The Greater White-fronted Goose (Anser albifrons) is a goose species closely related to the smaller Lesser White-fronted Goose (A. erythropus). In Europe it has been known as simply “White-fronted Goose“; in North America it is known as the Greater White-fronted Goose (or “Greater Whitefront”), and this name is also increasingly adopted internationally. In Northern and Central North America, it is colloquially called “Specklebelly” due to the salt-and-pepper appearance of the underside.
Greater Whitefronts are 65-78 cm in length and have a 130-165 cm wingspan. They have bright orange legs and mouse-colored upper wing-coverts. They are smaller than Greylag Geese. As well as being larger than the Lesser White-fronted Goose, the Greater Whitefront lacks the yellow eye-ring of that species, and the white facial blaze does not extend upwards so far as in Lesser.
Both white-fronted species have a very conspicuous white face and broad black bars which cross the belly, though the last two characters are occasionally observable to some extent in the Greylag Goose, which, however, has the bill and legs flesh-colored, and pale bluish-grey upper wing-coverts.
Subspecies, distribution and status
The Greater White-fronted Goose is divided into five subspecies. The nominate subspecies A. a. albifrons breeds in the far north of Europe and Asia, and winters further south and west in Europe. In the far east of Siberia east to Arctic Canada, it is replaced by A. a. frontalis, slightly larger and with a marginally longer bill, wintering in the United States and Japan.
Two other restricted-range races occur slightly further south in northern North America; A. a. gambeli in interior northwest Canada, slightly larger still and wintering on the U.S. Gulf Coast, and the doubtfully distinct (Carboneras, 1992) A. a. elgasi (Tule Goose) in southwest Alaska, largest and longest-billed of all, wintering in California. All these races are similar in plumage, differing only in size.
Finally, the very distinct Greenland White-fronted Goose A. a. flavirostris breeding in western Greenland, is much darker overall, with only a very narrow white tip to the tail (broader on the other races), more black barring on its belly, and usually has an orange (not pink) bill. It winters in Ireland and western Scotland.
Recent ecological studies suggest the Greenland birds should probably be considered a separate species from A. albifrons. Of particular interest is its unusually long period of parental care and association, which may last several years and can include grandparenting, possibly uniquely among the Anseriformes.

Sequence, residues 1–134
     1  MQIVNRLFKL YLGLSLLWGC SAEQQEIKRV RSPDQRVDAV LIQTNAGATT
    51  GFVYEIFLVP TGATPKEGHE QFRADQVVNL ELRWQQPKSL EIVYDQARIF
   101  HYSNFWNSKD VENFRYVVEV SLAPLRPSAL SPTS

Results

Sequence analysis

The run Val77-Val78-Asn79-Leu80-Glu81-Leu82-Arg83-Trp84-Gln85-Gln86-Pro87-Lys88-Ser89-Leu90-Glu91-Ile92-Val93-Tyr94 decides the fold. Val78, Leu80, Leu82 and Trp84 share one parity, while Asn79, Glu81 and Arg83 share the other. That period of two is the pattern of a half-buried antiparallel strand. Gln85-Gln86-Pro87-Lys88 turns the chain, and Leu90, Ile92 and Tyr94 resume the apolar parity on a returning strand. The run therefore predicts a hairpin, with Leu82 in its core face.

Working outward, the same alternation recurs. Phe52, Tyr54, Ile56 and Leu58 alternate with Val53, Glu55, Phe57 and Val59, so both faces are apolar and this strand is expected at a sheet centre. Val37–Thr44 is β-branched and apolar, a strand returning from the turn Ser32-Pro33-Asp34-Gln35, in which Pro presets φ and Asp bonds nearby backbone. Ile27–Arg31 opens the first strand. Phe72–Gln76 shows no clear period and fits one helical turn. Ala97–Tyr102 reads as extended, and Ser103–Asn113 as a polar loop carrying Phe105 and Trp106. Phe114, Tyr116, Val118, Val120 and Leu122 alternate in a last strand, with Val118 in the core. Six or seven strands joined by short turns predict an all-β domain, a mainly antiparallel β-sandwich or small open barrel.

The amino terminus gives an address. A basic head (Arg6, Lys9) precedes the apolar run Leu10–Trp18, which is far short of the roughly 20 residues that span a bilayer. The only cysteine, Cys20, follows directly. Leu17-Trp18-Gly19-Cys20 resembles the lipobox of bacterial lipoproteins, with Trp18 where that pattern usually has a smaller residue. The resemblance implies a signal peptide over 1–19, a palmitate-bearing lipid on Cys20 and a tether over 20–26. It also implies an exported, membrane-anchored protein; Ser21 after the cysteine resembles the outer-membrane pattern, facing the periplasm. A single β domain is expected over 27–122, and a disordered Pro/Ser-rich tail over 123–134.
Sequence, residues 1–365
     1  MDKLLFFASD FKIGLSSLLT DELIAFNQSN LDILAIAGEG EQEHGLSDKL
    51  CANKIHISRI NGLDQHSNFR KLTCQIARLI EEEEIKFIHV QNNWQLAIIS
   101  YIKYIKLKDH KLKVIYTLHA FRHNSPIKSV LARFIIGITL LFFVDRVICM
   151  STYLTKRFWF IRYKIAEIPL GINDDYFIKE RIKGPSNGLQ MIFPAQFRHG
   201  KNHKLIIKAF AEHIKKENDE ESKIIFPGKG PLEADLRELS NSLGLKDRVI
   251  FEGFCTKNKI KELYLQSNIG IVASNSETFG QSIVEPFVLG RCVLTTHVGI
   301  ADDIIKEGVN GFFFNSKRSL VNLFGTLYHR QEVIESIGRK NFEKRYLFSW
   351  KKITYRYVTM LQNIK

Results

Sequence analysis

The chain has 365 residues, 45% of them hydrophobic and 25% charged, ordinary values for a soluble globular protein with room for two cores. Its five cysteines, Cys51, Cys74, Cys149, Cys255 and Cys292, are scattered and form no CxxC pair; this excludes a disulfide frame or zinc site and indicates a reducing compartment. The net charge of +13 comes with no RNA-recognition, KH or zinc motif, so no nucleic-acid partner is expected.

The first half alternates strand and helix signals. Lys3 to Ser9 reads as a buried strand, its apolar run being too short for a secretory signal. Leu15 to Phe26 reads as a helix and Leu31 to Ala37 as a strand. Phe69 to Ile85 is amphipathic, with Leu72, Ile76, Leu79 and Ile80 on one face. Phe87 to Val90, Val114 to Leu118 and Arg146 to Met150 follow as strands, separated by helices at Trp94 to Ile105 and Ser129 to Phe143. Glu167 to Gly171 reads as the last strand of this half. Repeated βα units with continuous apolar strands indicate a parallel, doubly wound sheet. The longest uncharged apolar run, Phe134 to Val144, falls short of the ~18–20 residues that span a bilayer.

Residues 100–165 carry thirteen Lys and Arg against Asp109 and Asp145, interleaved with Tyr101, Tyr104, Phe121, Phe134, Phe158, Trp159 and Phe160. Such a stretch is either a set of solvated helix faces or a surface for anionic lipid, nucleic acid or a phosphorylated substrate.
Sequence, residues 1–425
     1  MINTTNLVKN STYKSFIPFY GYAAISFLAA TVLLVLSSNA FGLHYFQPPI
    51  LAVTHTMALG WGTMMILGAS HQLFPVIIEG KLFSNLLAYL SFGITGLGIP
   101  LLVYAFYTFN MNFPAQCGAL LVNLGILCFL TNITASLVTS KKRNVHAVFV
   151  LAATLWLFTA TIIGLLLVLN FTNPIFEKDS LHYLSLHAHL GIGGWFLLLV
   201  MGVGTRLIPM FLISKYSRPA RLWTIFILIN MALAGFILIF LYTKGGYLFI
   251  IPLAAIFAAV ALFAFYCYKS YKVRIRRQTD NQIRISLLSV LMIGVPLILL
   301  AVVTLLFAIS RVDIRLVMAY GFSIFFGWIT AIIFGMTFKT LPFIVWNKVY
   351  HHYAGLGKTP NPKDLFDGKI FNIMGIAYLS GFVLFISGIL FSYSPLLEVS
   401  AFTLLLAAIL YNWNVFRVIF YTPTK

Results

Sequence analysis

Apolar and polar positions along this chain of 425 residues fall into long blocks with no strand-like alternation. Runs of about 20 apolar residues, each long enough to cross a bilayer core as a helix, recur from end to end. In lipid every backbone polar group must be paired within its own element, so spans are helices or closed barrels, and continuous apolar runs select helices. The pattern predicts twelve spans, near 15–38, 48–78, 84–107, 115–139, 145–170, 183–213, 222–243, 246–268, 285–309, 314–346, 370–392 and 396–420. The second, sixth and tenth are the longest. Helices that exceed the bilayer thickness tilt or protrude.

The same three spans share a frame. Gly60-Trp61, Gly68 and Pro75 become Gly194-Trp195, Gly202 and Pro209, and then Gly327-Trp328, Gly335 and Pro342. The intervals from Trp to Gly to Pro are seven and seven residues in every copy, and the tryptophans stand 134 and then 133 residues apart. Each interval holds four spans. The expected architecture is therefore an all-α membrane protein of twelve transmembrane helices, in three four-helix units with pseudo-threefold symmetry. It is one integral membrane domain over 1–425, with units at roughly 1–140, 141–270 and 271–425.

In the British Isles, two races overwinter: Greenland birds in Scotland and Ireland, and Russian birds in England and Wales. They gather on farmland at favoured traditional sites, with a famous flock gathering at WWT Slimbridge, Gloucestershire, England.
Greenland birds also overwinter in Ireland and from late September and through the winter months, Ireland is home to almost 50% of the Greenland population of white-fronted geese.
A. a. albifrons and A. a. flavirostis are among the taxa to which the Agreement on the Conservation of African-Eurasian Migratory Waterbirds (AEWA) applies. The Tule White-fronted Goose is very rare and has been since the latter half of the 19th century, presumably it was affected by destruction of its wintering habitat due to human settlement.
- Carboneras, Carles (1992): Family Anatidae (Ducks, Geese and Swans). In: del Hoyo, Josep; Elliott, Andrew and Sargatal, Jordi (eds.): Handbook of Birds of the World (Volume 1: Ostrich to Ducks): 536-629, plates 40-50. Lynx Edicions, Barcelona. ISBN 84-87334-10-5
- Fox, A.D. and Stroud, D.A. (2002): Greenland White-fronted Goose. Birds of the Western Palearctic Update 4(2): 65-88.
- Littlejohn, Chase (1916): Some unusual records for San Mateo County, California. Abstract in: Cooper Club: Minutes of Cooper Club Meetings. Condor 18(1): 38-40.
Diet / Feeding:
Ducks and geese generally feed on larvae and pupae usually found under rocks, aquatic animals, plant material, seeds, small fish, snails and crabs.
Feeding Ducks and Geese …
We all enjoy waterfowl and many of us offer them food to encourage them to come over and stay around – and it works! Who doesn’t like an easy meal!
However, the foods that we traditionally feed them at local ponds are utterly unsuitable for them and are likely to cause health problems down the road. Also, there may be local laws against feeding this species of bird – so it’s best to check on that rather than facing consequences at a later stage.
- Foods that can be fed to Ducks, Geese and Swans to survive cold winters and remain healthy when food is scarce in their environment.
Please note that feeding ducks and geese makes them dependent on humans for food, which can result in starvation and possibly death when those feedings stop. If you decide to feed them, please limit the quantity to make sure that they maintain their natural ability to forage for food themselves – providing, of course, that natural food sources are available.
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